Manage and Supervise
Very often managing safety is forgotten and is not treated the same as the way we manage other aspects of the workplace. Don’t ignore lousy practice; make sure people are wearing their PPE where required. Staff do respond when we lead them effectively. Make sure that you, your management team and supervisors take ownership of their areas of responsibility, check on health and safety and make sure that safety inspections are done effectively. If you need to get professionals in to set a standard, then so be it, Texas Fire & Safety can schedule a free fire extinguisher walk-through of your company.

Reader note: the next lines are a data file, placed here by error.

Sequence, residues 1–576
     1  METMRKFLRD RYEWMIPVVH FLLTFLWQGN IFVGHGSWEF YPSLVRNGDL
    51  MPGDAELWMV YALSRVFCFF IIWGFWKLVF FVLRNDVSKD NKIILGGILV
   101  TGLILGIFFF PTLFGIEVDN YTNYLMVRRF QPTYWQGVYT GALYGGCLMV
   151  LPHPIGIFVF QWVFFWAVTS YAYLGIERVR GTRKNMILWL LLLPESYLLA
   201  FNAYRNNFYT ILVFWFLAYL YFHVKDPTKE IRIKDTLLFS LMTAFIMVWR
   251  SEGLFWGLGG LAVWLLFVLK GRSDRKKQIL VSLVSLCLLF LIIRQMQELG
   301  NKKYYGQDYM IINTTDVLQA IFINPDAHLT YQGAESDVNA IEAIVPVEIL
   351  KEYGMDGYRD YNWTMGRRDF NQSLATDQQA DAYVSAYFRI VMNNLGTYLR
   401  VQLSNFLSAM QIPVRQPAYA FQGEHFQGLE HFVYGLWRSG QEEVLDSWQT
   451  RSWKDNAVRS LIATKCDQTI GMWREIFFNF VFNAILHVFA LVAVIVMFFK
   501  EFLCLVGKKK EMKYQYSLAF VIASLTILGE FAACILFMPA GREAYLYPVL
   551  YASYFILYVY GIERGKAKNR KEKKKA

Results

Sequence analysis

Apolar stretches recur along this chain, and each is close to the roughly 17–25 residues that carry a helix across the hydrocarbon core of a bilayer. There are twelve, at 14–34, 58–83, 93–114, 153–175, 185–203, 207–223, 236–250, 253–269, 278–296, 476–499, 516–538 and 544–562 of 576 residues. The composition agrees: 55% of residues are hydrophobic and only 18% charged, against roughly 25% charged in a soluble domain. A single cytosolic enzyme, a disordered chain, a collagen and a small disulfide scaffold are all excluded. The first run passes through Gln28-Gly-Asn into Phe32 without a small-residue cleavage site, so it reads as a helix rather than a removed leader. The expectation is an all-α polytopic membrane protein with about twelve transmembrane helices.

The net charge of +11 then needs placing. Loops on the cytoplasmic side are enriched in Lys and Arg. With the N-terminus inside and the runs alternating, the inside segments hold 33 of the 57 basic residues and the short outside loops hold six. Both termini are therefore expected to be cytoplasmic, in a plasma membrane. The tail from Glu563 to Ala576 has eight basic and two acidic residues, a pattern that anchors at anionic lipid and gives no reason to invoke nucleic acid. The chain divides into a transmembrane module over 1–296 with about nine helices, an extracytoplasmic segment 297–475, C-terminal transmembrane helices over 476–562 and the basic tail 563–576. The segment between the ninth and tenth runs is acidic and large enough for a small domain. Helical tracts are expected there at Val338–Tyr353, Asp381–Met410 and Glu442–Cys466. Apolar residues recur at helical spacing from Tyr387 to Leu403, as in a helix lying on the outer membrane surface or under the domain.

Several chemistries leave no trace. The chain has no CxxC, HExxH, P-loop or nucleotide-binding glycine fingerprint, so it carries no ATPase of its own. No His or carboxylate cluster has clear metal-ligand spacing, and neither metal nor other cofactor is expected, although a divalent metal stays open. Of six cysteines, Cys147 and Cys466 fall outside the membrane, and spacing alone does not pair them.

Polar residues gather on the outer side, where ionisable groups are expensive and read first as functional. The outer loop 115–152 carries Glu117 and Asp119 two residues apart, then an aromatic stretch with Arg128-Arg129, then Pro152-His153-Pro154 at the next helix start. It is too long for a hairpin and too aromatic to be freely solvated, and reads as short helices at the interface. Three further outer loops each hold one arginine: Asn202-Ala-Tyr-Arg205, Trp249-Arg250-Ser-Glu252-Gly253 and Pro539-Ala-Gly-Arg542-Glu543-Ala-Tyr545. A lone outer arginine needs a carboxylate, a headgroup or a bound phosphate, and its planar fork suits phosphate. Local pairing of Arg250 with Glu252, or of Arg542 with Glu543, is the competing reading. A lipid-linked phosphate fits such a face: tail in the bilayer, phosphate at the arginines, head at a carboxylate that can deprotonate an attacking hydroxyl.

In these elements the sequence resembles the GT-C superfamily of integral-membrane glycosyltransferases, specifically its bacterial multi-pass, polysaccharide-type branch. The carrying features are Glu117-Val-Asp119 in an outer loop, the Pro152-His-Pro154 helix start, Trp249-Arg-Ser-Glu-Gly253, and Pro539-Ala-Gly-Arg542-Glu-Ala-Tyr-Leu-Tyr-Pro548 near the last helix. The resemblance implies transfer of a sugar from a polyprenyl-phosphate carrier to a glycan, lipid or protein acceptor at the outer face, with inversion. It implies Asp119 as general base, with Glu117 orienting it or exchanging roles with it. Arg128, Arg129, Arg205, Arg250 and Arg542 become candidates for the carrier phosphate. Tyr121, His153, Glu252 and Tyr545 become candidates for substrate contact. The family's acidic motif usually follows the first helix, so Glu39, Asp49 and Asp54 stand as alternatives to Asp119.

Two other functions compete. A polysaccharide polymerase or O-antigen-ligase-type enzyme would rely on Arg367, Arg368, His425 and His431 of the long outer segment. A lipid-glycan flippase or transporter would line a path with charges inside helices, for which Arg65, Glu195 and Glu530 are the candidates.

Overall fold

When conducting the safety inspections – investigate anything that you see that keeps cropping up. Clearing a blocked fire exit every week is better than leaving it blocked, but understanding why it’s getting blocked in the first place and providing a solution is the best option. This shows visible effort on your part, and that message reinforces everything that’s gone before.
There are no simple solutions to health and safety, signs are often used as a way of improving health and safety – and the odd one may help, most simply warn of residual risk – but if you implement a sudden flurry of posters then this is often viewed by staff as window dressing. Make sure that every step you take is a definite and aim to deliver real change. One of the most important things you can do though is to keep encouraging staff to report problems, accidents and even solutions.